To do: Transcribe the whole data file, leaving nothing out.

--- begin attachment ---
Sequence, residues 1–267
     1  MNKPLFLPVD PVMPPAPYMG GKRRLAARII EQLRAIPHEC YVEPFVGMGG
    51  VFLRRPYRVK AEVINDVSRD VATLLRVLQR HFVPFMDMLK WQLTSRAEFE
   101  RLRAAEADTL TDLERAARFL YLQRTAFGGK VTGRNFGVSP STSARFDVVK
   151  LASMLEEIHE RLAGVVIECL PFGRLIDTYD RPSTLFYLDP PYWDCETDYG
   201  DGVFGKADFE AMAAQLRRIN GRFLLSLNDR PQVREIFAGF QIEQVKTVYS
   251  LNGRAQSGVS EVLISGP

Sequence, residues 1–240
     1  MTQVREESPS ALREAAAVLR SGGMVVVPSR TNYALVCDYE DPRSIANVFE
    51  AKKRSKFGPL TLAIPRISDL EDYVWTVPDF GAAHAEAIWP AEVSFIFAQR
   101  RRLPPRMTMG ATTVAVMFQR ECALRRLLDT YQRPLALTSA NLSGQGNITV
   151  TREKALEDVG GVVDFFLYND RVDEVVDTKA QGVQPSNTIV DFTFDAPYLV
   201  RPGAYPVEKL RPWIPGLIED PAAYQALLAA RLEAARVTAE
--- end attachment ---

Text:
Sequence, residues 1–267
     1  MNKPLFLPVD PVMPPAPYMG GKRRLAARII EQLRAIPHEC YVEPFVGMGG
    51  VFLRRPYRVK AEVINDVSRD VATLLRVLQR HFVPFMDMLK WQLTSRAEFE
   101  RLRAAEADTL TDLERAARFL YLQRTAFGGK VTGRNFGVSP STSARFDVVK
   151  LASMLEEIHE RLAGVVIECL PFGRLIDTYD RPSTLFYLDP PYWDCETDYG
   201  DGVFGKADFE AMAAQLRRIN GRFLLSLNDR PQVREIFAGF QIEQVKTVYS
   251  LNGRAQSGVS EVLISGP

Sequence, residues 1–240
     1  MTQVREESPS ALREAAAVLR SGGMVVVPSR TNYALVCDYE DPRSIANVFE
    51  AKKRSKFGPL TLAIPRISDL EDYVWTVPDF GAAHAEAIWP AEVSFIFAQR
   101  RRLPPRMTMG ATTVAVMFQR ECALRRLLDT YQRPLALTSA NLSGQGNITV
   151  TREKALEDVG GVVDFFLYND RVDEVVDTKA QGVQPSNTIV DFTFDAPYLV
   201  RPGAYPVEKL RPWIPGLIED PAAYQALLAA RLEAARVTAE